Many people believe that periodic ‘detoxification’
provides a healthy break for organs, such as for the liver, kidney,
bladder and galbladder.

The holidays, for the most part, are a pleasant, memorable time of the year.  As it is with so many things, the good is accompanied by the bad.  For purposes here, excessive and unhealthy eating accompanied by consumption of alcoholic beverages results in tremendous metabolic stress on the body.  Were this not enough, travel and work stress adds to the load placed on the biological system.

Preventive maintenance, in the form of a formal systemic detoxification, might be a pretty good idea, indeed.

Background

Scientific’ data
is nearly impossible to obtain to support the observations of
thousands of persons over many dacades, but it is clear that there is
something to the claims that liver detoxification in particular makes
people feel better.

Without getting into the basics of phase 1 and phase
2 detoxification, which is the paradigm that outlines the manner in
which the liver, lung, kidneys, skin ‘detoxify’ substances, there is a
lot of good to be said for engaging in the periodic practice of ‘liver
detoxification.’

  • It is responsible for the
    production of bile which is stored in the gallbladder and released when
    required for the digestion of fats.
  • The liver stores glucose in the form of glycogen which is converted back to glucose again when needed for energy.
  • It
    also plays an important role in the metabolism of protein and fats. It
    stores the vitamins A, D, K, B12 and folate and synthesizes blood
    clotting factors.
  • Another important role is as a
    detoxifier, breaking down or transforming substances like ammonia,
    metabolic waste, drugs, alcohol and chemicals, so that they can be
    excreted. These may also be referred to as “xenobiotic” chemicals. If
    we examine the liver under a microscope, we will see rows of liver
    cells separated by spaces which act like a filter or sieve, through
    which the blood stream flows. The liver filter is designed to remove
    toxic matter such as dead cells, microorganisms, chemicals, drugs and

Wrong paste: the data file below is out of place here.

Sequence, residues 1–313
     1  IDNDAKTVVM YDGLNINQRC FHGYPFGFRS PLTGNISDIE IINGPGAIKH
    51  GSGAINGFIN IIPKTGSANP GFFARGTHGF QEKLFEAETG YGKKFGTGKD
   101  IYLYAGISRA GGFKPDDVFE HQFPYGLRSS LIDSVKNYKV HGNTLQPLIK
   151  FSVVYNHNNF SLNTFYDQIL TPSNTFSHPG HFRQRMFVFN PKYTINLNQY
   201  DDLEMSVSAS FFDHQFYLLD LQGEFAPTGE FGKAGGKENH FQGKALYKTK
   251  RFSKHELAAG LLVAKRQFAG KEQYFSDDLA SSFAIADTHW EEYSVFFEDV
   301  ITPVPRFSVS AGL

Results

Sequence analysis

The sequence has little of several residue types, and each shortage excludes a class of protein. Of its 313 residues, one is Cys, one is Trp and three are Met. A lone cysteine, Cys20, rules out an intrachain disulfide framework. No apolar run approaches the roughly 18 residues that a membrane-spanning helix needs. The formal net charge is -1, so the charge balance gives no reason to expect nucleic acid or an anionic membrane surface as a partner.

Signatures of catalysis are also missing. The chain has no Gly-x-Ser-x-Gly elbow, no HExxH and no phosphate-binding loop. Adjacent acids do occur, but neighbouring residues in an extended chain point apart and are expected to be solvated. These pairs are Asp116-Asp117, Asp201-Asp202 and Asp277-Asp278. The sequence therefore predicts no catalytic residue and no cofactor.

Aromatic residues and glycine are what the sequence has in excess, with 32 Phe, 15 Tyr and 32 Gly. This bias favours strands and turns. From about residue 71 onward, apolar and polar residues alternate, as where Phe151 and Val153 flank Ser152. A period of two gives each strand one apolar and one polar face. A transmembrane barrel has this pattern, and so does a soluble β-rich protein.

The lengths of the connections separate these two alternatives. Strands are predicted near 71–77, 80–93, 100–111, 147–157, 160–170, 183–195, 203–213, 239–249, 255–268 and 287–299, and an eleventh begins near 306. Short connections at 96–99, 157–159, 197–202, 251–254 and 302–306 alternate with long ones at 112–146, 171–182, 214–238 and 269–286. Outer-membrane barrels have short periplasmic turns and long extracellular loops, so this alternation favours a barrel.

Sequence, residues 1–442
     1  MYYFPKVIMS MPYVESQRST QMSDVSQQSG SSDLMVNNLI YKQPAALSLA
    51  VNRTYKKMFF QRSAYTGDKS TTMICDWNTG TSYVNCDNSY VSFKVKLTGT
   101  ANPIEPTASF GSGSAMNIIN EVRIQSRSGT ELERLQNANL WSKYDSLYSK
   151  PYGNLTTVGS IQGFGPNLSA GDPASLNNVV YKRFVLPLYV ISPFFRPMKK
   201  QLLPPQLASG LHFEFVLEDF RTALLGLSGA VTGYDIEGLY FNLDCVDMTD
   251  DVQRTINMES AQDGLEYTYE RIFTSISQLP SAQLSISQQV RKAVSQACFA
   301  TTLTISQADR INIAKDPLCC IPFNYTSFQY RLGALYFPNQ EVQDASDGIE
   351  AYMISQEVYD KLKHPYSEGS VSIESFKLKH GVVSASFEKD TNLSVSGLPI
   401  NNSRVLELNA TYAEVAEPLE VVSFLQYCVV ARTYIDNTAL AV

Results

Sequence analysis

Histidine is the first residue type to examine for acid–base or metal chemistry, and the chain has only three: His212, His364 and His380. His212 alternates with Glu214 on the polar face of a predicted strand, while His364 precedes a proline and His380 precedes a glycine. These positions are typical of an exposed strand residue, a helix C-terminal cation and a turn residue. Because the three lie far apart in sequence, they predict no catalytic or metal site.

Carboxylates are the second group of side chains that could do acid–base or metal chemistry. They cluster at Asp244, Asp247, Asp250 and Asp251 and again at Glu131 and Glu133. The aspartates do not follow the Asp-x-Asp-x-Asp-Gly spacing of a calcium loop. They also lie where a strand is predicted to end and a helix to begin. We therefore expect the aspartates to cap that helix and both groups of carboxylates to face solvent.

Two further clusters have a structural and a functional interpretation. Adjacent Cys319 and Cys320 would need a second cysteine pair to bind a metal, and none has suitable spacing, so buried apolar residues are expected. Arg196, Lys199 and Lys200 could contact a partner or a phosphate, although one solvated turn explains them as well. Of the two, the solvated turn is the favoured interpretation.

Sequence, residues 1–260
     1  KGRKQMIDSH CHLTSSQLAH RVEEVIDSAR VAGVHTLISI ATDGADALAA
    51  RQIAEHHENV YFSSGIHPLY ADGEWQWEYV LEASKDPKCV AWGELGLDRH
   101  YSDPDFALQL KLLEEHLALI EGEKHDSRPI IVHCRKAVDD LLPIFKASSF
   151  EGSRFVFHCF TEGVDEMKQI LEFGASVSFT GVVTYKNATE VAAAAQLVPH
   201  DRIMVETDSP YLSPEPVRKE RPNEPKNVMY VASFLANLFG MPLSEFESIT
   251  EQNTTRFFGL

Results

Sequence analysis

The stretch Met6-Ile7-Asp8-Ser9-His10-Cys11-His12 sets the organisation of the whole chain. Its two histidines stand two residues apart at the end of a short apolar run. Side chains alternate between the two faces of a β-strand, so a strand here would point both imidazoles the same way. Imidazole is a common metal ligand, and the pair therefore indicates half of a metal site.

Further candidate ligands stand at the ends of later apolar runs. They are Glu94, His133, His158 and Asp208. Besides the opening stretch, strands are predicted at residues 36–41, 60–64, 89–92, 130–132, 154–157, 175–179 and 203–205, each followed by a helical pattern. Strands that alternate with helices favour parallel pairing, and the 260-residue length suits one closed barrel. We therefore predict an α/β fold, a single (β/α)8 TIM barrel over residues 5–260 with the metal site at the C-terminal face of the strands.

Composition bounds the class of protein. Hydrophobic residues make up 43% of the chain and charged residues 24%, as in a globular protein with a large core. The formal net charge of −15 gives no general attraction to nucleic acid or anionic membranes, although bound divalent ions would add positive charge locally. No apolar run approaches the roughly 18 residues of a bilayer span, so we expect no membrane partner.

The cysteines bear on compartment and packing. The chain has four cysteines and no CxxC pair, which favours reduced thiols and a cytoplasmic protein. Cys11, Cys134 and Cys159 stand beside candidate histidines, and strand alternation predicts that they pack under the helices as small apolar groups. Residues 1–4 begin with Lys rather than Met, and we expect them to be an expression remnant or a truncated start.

particulate debris from the blood stream. The liver filter is called
    the sinusoidal system, and contains specialized cells known as Kupffer
    cells which ingest and breakdown toxic matter.

The ‘poor man’s liver detox-

The gall bladder functions to store bile between meals. The gall
bladder contracts when stimulated to push bile salts into the small
bowel, thereby facilitating digestion. Bile is a clear, yellow liquid,
when healthy. If the bile is allowed to stagnate, or if the galbladder
is allowed to distend or get infected, the bile thickens, stones form,
and mucous backs up. Sometimes, this leads to medical conditions that
result in the need to surgically remove the galbladder.

As it were, prevention is probably the best bet, when dealing with
the liver/galbladder system. A little bit of care, and a little bit of
prevention goes a long way.

To keep the galbladder from distending, and to keep the bile from
‘going stale,’ the daily administration of silymarin, taken with each
meal, will keep things moving along. The silymarin (milk thistle)
stimulates the gall bladder to ‘dump, ‘ very much in the same way the
colon does. Both the colon and gallbladder should empty with each meal.
It gets a little sticky, however, if a person has had the gallbladder
removed, already.

The liver is the cleanser and filter of the blood stream and is of
vital importance. It is the largest organ in the body and has an
enormous amount of blood flowing through it every minute of our lives.
It is between 21 – 22.5 cm in its greatest diameter, 15 – 17.5cm in its
greatest height and 10 – 12.5 cm in its depth, weighing around 1200 –
1600 gms.

We have been attacking the symptoms of
weight excess with fad diets, obsessional high impact aerobics, stomach
stapling and toxic drugs, such as appetite suppressants, laxatives and
diuretics. We have failed to consider the underlying cause of LIVER
DYSFUNCTION and indeed we have virtually ignored the hardest-working
organ in the body, with dire consequences.

Steers
are implanted with Hormonal Growth Promotants (HGP) which is justified
by corporate statements, that tests have shown that a non-pregnant
woman produces 54,000 times the amount of estrogen found in a 500 gram
steak and that only a fraction of the amount used in human hormone
replacement therapy is used in the implants that are put into animals.
Even this additional small amount of hormone  is l increasing the
workload of the liver, which over a long period of time may cause
hormonal imbalances in those who eat beef regularly. We must ask
ourselves why is the incidence of breast cancer so high, particularly
in relatively young women? Surely it is better to eat meat from animals
that roam free and happy in fresh green pastures that are not injected
with potent hormones or fed concentrated stock feed to rush their
growth?

The
use of drugs to control and treat animal disease and to promote faster,
more efficient growth of livestock is a common practice. An estimated
80 percent of U.S. livestock and poultry receive some animal drugs
during their lifetime. Improper use of animal drugs may cause residues
in the edible tissues of slaughtered animals that could be hazardous to
consumers.

Most countries will have set MRL or